i guess I just don’t get it ~ in the deep south, when you live in the country, you put in a septic system where the sewage is actually re-inserted into the soil. Something called anarobic bacteria in the soil breaks down all of the nitrates and bio particles…. in time the water percolates back into the earth and re-joins the aquifer where it came from. Municipalities do it on a much larger scale. Really low tech stuff. Animal fat is separated out usually but you guys are vegetarians…. what in the world is wrong with watering the bushes with this stuff?? It’s a desert right???

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  • My brother-in-law is a water expert. He and his brothers run a company here in Salt Lake, and all they do is design and sell water treatment systems. (For all kinds of applications.) (Did you know some car washes recycle their water and use it again?) Since I’ve been looking for a way to filter graywater myself, I talked with him for a few hours about options, and we are going to actually test a few ideas. There are filters that can pull out the bacteria and all the soap, etc, so you would be able to dump the clear water literally anywhere. The big questions is, just how clean do you actually need/want it? How clean, what you actually put into it, and the volume, determines what filter(s) would be best to use. For me, I am low volume (5-10 gallons a day), and I want the soap removed, and the bacteria removed. I want it clean enough that it doesn’t smell, and that it’s really okay to dump on a lawn and never notice. (I already did my own tests with some cheap carbon filters, but it didn’t work at all. So I got him involved now.) I’m also willing to throw a cartridge filter away now and then, and I’m not sure if that’s acceptable to you. Would backwashing a filter when you get back to someplace that it’s possible be acceptable or too big of a pain? And would that be more desirable then a disposable cartridge filter? I would like to come up with an option for a solution about the size of a five gallon bucket. Do you think that very many RV’ers would be interested in something like that? Or would you rather just use your watering can idea?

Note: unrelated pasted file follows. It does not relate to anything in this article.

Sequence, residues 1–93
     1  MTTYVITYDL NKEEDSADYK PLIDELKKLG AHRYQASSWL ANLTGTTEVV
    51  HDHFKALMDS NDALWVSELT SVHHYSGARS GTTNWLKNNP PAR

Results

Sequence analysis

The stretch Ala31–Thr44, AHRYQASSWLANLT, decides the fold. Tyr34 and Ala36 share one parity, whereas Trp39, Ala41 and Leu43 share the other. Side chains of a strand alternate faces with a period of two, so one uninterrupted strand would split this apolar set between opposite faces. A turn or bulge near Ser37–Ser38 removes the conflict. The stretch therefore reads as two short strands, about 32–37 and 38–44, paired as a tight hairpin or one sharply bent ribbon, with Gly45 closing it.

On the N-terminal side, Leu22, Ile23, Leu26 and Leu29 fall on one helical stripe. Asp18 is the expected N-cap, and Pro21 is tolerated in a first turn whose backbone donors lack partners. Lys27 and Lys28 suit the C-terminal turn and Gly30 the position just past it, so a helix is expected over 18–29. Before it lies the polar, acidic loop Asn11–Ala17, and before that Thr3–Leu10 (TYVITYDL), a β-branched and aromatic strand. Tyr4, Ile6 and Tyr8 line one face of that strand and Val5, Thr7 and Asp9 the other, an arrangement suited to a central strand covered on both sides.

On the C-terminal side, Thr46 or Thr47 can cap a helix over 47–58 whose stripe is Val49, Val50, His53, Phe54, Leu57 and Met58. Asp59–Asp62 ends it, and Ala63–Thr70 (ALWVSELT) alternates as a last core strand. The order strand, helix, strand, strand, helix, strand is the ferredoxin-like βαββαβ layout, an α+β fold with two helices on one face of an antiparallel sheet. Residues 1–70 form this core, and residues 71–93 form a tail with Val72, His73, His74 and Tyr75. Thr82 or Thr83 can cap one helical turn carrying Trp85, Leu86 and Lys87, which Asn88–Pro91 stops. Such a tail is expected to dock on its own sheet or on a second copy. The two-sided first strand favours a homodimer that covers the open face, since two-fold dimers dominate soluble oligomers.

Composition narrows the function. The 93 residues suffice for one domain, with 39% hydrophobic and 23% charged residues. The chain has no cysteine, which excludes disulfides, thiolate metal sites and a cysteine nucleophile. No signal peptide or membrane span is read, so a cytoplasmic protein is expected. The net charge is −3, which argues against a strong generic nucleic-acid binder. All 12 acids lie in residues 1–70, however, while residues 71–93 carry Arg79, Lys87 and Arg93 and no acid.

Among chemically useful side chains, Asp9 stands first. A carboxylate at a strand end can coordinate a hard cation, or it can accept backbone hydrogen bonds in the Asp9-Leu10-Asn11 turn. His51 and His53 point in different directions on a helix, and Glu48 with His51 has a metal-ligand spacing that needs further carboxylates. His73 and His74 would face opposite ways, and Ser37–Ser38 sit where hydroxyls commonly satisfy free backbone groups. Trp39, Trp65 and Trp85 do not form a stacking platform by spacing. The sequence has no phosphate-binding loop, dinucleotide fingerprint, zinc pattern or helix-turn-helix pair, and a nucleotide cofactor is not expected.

Also, you can use a high concentrate of Hydrogen Peroxide (say 30% solution) instead of Chlorine. It’s more of an Eco-Friendly option. I haven’t tried it yet, but I intend to test it a little and see how it affects the odors. (Maybe you already have done this?)

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  • tsimitpo

    I can’t help but wonder if some solar still principles could be utilized to separate pure H2O out of the waste water and leave a solid behind that could be more traditionally disposed of. Hmmm…

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  • ​I have a 25′ black garden hose that I only use for draining the gray water tank (they didn’t sell a gray one) , and when the tank is full, and it isn’t convenient or possible to head to a dump station, I wait until dark, go out and hook up that black hose, running it over to the “bushes” and empty the tank.

    Yeah, I’m leaving saving the planet for the kids, I’m getting old and cranky.

    As the article points out, the smell of gray water can sometimes be as bad as that nasty black water (why don’t they call it brown water?) The camping stores love to sell that $5.99 a quart gray water deodorizer, but a fellow camper pointed out the main ingredient to me a few years ago, ammonia. His advice, which I follow to this day is, “Go to Family Dollar Store and buy a couple of half gallons of their lemon-scented ammonia for a buck a bottle.” Works great to kill the odor.

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  • Sandy R

    To change the subject for a moment, why did you have your “Gone with the Wynn’s” taped over in that video with blue tape?

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    • At burning man there isn’t supposed to be any promotion and even though we don’t have anything to sell, we cover up our logos anyway.

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  • Sebastian